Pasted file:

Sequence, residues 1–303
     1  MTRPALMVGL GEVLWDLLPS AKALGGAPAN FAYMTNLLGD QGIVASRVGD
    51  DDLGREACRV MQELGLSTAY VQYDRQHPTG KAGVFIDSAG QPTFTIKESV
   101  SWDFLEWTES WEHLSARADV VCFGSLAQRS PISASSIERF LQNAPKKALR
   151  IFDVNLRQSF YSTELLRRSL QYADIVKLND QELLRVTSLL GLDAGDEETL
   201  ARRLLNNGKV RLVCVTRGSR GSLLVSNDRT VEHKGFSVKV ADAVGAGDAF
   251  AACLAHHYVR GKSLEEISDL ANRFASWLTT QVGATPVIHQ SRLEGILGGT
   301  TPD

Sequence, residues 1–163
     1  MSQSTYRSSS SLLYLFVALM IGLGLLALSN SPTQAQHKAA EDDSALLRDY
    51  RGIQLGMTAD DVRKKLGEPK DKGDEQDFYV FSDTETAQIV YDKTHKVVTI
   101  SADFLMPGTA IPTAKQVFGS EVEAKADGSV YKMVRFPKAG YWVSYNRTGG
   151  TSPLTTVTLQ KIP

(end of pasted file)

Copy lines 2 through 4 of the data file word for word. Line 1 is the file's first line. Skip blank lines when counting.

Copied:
     1  MTRPALMVGL GEVLWDLLPS AKALGGAPAN FAYMTNLLGD QGIVASRVGD
    51  DDLGREACRV MQELGLSTAY VQYDRQHPTG KAGVFIDSAG QPTFTIKESV
   101  SWDFLEWTES WEHLSARADV VCFGSLAQRS PISASSIERF LQNAPKKALR